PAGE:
Older entrepreneurs can draw on life experience to start, grow and scale their new business. And they’re doing just that. Nicknamed “Encore Entrepreneurs,” Canadians nearing or in retirement draw on their rich experiences, often tackling a new business venture once their children move away from home.
Myth Busted: You can start a business at any age
- Futurpreneur’s Rock My Business series is a 3-part workshop designed to take businesses run by young people to the next level.
- Amid COVID-19, young people have been drawn to starting a business. Learn what the motivating factors are!
- According to an RBC Small Business poll, nearly half of small business owners right now are Boomers.
Myth #3: “I’m not a risk-taker.”
Launching your business doesn’t have to feel like a huge leap.
There are steps you can take along the way to decide if you have a marketable idea, a well-reasoned business plan and sufficient financial support.
If you’re ambitious and believe in your idea, the greater risk may be missing out on an opportunity of a lifetime and always wondering ‘what if?’
Myth Busted: Resilience trumps risk
There are a number of attributes new business owners will want to lean into as their business gets off the ground. Being a dare devil isn’t one of them.
Learn from a business coach the attributes prospective owners should have, and the questions you can ask yourself to find out if you have what it takes.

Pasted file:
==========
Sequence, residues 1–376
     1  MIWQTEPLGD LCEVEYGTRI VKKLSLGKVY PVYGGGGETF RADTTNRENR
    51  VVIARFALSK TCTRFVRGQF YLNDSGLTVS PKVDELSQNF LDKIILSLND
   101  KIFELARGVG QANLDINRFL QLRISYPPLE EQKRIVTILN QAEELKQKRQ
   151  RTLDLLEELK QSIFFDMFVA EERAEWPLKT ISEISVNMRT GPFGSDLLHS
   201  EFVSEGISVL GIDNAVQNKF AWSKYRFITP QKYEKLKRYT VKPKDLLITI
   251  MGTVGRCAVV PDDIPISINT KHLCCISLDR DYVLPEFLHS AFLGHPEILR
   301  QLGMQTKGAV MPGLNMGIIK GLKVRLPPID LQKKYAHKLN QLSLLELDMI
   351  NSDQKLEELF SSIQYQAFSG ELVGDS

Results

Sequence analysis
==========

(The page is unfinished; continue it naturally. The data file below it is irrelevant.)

Myth #4: “I don’t have the kind of personality.”
Business owners aren’t all outgoing sales gurus with big personalities. Sure, some are born deal makers, but entrepreneurs are motivated by different things.
Maybe you have a passion or a craft you want to share with the world. Or maybe you want to build a business that gives you more balance in your life.
Myth Busted: Businesses are built out of passion, genius and need – not charm
Read how – and why – these business owners started their companies.
- Lily Tse founded Think Dirty from a need to uncover truths in the beauty industry
- Catherine Metrycki founded Callia Flowers after discovering a gap in the market
- Ron Spreeuwenberg started HiMama to solve parent-child communication challenges.